Thai generals topple elected government


By Helen Jarvis

While the world's attention was focussed on the carnage in the Middle East, on February 23 the Thai government was overthrown by the country's military forces.

Many outside Thailand reacted with something of a yawn, saying "what's news about a coup in Thailand?" — it was the 17th coup attempt since 1932.

Within Thailand itself, reaction was one of bitter disappointment that the days of military coups had not yet been done away with once and for all. It had been five years since the last coup attempt, and over 14 years since the last "successful" coup, when the military seized power from a moderately progressive government in a bloody and savage attack.

The latest coup was a genteel affair. It seems not a shot was fired, and there have been no mass arrests. Prime Minister Chatichai was arrested and detained in an unspecified military camp, together with members of his family and close political associates. The king remained silent.

A National Peacekeeping Council was established, led by Supreme Commander General Sunthorn, who declared martial law, banned meetings of more than five people and dissolved parliament, although elections have been promised within six months and political parties have not been banned.

Sunthorn justified the coup as putting an end to a government that was corrupt, was undermining the army and was politicising the bureaucracy — what he called "a dictatorship of parliament" led by a Thai version of Ferdinand Marcos.

Chatichai is an extremely wealthy man with extensive business interests, but he is no Marcos. Chatichai's wealth was accrued before he came to power (interestingly enough, primarily during his time in the military — he was also a general). And it was not Chatichai who introduced martial law as Marcos did, but those who overthrew his government.

No-one can deny that the government was corrupt, and that many ministers and senior government personnel made millions as the economy boomed. Chatichai's policies of unrestricted business growth brought a relative decline in the power of the military and in the bureaucratic apparatus that had previously controlled the economy. In the last weeks of his government, Chatichai announced he intended to abolish the powerful Board of Investment.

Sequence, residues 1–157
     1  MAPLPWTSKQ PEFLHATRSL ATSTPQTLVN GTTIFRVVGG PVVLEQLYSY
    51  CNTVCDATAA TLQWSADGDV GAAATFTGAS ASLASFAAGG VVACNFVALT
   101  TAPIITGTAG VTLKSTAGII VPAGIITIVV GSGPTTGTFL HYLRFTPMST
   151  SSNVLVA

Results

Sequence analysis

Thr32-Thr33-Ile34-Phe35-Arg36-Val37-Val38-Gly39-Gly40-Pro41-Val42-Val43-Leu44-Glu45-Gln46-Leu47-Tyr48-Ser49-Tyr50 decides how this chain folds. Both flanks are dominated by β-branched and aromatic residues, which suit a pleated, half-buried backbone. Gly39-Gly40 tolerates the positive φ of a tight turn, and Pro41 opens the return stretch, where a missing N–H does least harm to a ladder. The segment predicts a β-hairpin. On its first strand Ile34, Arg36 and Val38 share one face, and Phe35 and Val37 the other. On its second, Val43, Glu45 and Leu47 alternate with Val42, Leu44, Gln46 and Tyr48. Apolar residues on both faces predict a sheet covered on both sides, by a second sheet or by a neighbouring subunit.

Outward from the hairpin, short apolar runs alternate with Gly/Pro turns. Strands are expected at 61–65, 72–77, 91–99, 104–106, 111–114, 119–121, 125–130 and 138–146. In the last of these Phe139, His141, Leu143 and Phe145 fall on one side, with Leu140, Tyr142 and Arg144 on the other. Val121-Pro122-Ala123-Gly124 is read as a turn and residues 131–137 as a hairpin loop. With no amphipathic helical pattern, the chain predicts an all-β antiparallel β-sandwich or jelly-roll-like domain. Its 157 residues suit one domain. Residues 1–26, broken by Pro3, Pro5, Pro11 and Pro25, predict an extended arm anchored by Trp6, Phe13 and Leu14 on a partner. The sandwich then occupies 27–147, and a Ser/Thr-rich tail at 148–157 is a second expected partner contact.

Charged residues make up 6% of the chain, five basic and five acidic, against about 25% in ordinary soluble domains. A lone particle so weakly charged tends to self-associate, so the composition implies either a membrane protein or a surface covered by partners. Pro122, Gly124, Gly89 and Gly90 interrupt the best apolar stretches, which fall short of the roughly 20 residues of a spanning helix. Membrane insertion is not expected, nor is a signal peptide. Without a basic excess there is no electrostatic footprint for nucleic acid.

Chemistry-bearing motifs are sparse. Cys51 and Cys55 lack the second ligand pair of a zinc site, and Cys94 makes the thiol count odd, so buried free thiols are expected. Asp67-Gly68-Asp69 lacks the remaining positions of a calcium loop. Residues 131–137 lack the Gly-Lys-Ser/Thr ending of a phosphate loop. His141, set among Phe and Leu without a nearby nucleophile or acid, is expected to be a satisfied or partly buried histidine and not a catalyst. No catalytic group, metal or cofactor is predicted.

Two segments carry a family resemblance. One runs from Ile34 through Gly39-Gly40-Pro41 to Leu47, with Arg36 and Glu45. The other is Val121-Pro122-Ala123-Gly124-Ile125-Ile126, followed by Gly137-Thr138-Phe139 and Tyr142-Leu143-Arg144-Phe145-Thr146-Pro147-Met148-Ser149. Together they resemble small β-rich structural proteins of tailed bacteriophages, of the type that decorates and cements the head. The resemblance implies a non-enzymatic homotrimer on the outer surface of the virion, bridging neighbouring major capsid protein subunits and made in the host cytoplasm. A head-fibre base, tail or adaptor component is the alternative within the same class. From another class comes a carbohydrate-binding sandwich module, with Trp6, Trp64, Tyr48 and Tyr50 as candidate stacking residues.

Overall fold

The military seems to have been united behind the coup. No units came out to defend the government, as they had done in many past coup attempts. Neither did the people respond. The little people fared no better under Chatichai than they had under previous military administrations.

But Chatichai had taken some risks and made some bold moves. Immediately after his election in August 1988, he announced a total ban on logging in Thailand, a move than enraged some sectors of ry, which controlled the logging permits.

At the same time, he took over Indochina policy from the conservative foreign minister, Siddhi, and began to break with the strongly anti-Vietnam stand of ASEAN, instead opening talks with Thailand's neighbours. A bridge was planned to cross the Mekong to Laos.

Thai business and government officials have made regular visits to Hanoi and to Phnom Penh, and Chatichai planned for his current foreign minister, Arthit, to make a formal visit to Cambodia next month.

The Chatichai government was also following a tough line in trade disputes with the United States.

One English-language newspaper in Bangkok defied the military censorship and proclaimed across its front page, "The power belongs to the people, nobody else". Chatichai's government may not have been a people's government, not radically progressive in its policies, but its overthrow in a military coup was a sad day for democracy in Thailand.